"Hi everyone is Rei and welcome back to kindred casts I'll sitting down today with my friend Jill gave the founder President and CEO of Fintech powerhouse and Unicorn Cross riverbank crossover was started by Jill two, thousand eight as one branch bank located teaneck new. Jersey. At the technology company now, powers companies like affirm circle best a coin based rocket loans stripe of star and transfer wise at are backed by big investment from Ktar, a French battery ventures, Andriessen, and Lyari. Issue over the past twelve years, the firm has grown to three hundred fifty employees providing over thirty billion dollars in loans over eighteen million customers, and during the crisis crossover helps nearly two hundred thousand small businesses would be yuan's through the paycheck protection program, which really puts it in the company of the big banks like Bank of America Vicki Morgan Wells Fargo Right? They're pretty impressive and very helpful to our overall recovery drinks endemic last two years it was named the most innovative bank to work for. Job GonNa try to give you a run for your money on that one here line. But I WANNA wish you. A Happy New Year it's a real pleasure and honor to kick off the year in the Jewish calendar fifty, seven, eighty, one podcast, and as I like to say when you have gone for over five, thousand seven hundred, eighty years, there's downs, ups and Dowse said via a shot at the by pleasure to. Today. It's real pleasure. We've. Meeting of last year's restaurants and and peers of isolation and zooms that in person you're one of my first meetings safety and security and I really wanted to stay closed during this dynamic given how busy you've been thus give everyone a background here because I really think through cross. River. Everyone here is going to get a lens of not only the fintech universe and where. We're going in banking what we've come from, but also what has been going on on the ground during the period in helping so many businesses on Main Street get back on their feet again, and that's really why this is such a story around business and building value but also round helping people around a real heartening narrative that I really wanted to to bring out here to. Tell us how the company was founded. In An Giang aid is a quite an unusual and interesting story towns came to be across different, very ginning. Sure. So I don't want to log on the history because I think the more recent stories much more fascinating just trying to help two hundred, thousand small businesses get back on their feet. As, been. Me Crowley the biggest side, my career and I think probably would be the highlight those anybody spuria stage. So something that's we're very proud of York buster the go back in time. So I came to the United States in Paris fries whenever airs went to school there worked a little bit I was actually analysts that CPR venture capital in Paris. Working on. Some of the first. Time nineteen eighty, nine, hundred ninety in Europe actually, and then crossed the Atlantic came in Nineteen ninety-one go to job at bear stearns I was in International. Working on. Of. Banks insurance companies. So that was my first foray on shown initial services got very fortunate. I. Wide. I landed in finishing the group at bear stearns and our retrospect you gentlemen standing of our God does things and just put. So you know some pebbles along the way that one day you're going to be caught to inspire where you heading in. Then I took a Atas when I got married and I went to learn fouls. Wow Yeah Joe Jr ethics, which is a commentary on the on Jewish law. In companion. I did ask a couple of years came back to of making this time. The only job I could land was open difficult to give back to the market I worked for Barclays Capital. Zoom one of the Thomas Tell you that made you on jump back into banking. More by necessity. With all the day will undoubtedly the feedback I needed to go back to work I. Think. All my life savings where it's only exhausted it's not a life that was prepared to date or the rest of my life. So regretfully, so because it's it's really fascinating as size definitely intellectually stimulating. Question about it but I still enjoy doing it. By the way I still earned every single day studying law in this is something that will stay with me Probably you know for the rest of my life. A lot of good business lessons and haven't company in the home. Absolutely I mean there's definitely a concepts of humility ethics respective others listening to the position particularly respecting the physician and there's always a counterpoint that. Is Truly a hundred centre-right nobody's abso-. Medium. Or these always way and ruth compromise, and this is only a life lesson that is invaluable. And by the way, you know any book that I've Read Entrepreneur and as points to she's. Have successfully led their companies through an exponential organization at goal example, Faisal Volleys. So just running about them under different concept different setting and they're trying to allies them intellectually and then trying to fly them. Businessworld is something that I was very fortunate or being able to do the. So you hundred that's that was very formative for me and trolley in the central step along my travels and my journey in becoming the COO crosser in that like say like the only job I could land at the time was in technology banking and nothing about technology. For aqueous capital. Under Sunday night, who's global head of technology and worked on some Fascinating Tales Global Crossing Iridium satellite network in then work on the transaction war on the computer associates CSC sale merger it was really fascinating to. To work on the technology front been trying in in learning about a new trade and look at this you know like some fifteen years later. It's a rejoinder between technology and banking.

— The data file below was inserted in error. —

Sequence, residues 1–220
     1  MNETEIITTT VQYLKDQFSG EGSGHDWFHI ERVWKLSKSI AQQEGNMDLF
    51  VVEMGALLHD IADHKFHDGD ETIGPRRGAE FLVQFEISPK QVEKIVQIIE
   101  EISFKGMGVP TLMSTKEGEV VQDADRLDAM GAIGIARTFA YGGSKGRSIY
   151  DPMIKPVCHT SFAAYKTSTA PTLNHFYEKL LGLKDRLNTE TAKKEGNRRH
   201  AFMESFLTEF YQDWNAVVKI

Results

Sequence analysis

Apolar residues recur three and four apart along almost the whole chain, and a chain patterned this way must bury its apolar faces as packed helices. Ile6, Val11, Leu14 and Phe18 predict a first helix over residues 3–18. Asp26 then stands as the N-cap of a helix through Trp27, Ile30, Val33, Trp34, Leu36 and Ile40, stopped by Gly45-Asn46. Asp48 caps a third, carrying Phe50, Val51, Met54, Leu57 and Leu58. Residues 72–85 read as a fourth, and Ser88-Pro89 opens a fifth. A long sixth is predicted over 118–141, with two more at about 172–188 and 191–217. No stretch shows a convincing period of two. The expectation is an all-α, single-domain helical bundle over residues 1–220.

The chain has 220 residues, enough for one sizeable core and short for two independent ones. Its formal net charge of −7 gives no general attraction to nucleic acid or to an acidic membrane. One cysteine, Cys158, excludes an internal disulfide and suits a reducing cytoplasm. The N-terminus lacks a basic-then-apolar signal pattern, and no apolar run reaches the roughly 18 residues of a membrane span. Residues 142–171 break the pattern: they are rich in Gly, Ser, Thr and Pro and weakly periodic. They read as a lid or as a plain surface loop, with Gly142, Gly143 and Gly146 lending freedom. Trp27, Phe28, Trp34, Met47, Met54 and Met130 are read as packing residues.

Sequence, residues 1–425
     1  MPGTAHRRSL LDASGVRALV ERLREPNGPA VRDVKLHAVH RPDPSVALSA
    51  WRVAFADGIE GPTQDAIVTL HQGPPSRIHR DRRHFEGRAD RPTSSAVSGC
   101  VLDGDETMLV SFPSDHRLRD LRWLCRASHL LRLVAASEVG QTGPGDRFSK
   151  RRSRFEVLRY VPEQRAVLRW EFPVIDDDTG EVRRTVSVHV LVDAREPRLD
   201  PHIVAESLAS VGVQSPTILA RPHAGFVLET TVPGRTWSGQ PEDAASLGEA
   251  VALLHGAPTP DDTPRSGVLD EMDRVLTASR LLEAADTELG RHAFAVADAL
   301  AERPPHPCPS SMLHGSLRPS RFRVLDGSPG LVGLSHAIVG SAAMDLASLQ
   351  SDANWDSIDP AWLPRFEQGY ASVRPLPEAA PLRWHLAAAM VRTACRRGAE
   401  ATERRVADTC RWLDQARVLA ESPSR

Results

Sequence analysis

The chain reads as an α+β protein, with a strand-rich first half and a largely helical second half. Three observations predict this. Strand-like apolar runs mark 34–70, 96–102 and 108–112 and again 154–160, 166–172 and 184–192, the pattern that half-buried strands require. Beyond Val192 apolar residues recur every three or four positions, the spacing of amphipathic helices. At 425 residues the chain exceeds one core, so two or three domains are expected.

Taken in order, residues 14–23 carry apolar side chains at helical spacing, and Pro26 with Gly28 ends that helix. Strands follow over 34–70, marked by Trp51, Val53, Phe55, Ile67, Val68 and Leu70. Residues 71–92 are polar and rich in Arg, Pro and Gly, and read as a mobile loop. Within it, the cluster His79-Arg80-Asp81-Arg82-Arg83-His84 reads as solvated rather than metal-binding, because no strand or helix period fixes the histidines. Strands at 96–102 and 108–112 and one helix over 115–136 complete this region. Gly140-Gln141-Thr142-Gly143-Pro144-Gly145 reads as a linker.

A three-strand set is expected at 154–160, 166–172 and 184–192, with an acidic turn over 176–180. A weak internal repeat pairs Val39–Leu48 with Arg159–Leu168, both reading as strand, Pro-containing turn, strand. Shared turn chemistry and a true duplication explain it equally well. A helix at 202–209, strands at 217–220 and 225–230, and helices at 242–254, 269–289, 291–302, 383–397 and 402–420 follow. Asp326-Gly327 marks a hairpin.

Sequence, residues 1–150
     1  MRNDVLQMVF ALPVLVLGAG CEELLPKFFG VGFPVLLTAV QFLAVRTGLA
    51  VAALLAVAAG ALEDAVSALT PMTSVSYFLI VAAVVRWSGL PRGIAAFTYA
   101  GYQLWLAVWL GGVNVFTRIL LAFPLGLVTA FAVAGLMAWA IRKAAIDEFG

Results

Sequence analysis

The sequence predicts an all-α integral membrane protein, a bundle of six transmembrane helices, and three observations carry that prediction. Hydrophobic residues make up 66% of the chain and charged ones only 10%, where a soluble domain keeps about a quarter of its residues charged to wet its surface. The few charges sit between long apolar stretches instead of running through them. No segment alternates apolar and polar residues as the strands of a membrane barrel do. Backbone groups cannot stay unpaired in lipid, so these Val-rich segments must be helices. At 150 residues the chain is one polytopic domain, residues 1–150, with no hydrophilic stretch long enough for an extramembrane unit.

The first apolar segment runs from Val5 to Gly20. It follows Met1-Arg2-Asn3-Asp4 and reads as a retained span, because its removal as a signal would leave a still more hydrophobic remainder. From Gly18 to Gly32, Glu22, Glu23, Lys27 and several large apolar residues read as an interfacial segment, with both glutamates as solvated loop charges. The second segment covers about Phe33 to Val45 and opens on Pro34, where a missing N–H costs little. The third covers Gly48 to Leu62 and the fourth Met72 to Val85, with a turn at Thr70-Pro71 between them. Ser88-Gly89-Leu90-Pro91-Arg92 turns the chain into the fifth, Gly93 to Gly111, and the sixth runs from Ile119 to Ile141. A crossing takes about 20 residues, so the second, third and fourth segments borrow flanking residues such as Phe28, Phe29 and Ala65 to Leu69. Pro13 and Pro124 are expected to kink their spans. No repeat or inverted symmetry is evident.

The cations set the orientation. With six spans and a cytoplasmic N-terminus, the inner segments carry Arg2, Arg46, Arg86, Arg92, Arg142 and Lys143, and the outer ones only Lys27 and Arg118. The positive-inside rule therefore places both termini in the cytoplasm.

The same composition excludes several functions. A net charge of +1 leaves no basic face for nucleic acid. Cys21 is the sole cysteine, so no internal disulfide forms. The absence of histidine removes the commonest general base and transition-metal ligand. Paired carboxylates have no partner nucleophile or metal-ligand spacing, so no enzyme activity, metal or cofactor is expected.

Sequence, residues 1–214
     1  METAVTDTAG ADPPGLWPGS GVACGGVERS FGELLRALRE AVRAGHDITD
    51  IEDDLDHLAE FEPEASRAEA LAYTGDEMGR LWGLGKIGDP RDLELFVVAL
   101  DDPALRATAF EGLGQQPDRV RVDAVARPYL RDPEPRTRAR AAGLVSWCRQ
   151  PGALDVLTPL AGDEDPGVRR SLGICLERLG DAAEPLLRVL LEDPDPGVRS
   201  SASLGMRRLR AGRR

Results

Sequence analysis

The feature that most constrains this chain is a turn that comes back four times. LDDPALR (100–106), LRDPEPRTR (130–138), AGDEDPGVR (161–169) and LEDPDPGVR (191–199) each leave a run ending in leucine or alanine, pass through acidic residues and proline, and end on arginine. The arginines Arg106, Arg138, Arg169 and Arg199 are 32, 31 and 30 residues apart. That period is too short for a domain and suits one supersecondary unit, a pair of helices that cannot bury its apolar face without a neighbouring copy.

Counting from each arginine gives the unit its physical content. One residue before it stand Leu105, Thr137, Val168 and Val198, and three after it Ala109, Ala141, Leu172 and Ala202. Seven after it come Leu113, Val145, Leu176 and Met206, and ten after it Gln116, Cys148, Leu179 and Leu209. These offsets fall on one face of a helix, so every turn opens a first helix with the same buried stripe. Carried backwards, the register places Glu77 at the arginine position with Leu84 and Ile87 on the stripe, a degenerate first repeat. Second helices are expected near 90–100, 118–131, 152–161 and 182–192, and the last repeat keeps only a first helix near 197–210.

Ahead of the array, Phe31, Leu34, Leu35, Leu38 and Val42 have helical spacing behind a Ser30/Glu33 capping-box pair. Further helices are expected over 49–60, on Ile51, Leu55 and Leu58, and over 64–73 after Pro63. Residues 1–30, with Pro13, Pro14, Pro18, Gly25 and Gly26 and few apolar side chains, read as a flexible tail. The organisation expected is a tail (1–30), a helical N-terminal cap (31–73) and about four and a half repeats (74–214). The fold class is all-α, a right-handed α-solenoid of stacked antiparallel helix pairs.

Bear Stearns Jill Paris Bank Of America Fintech Barclays Capital Vicki Morgan Wells Unicorn Cross Lyari Founder President And Ceo REI Andriessen Europe Ktar York Businessworld United States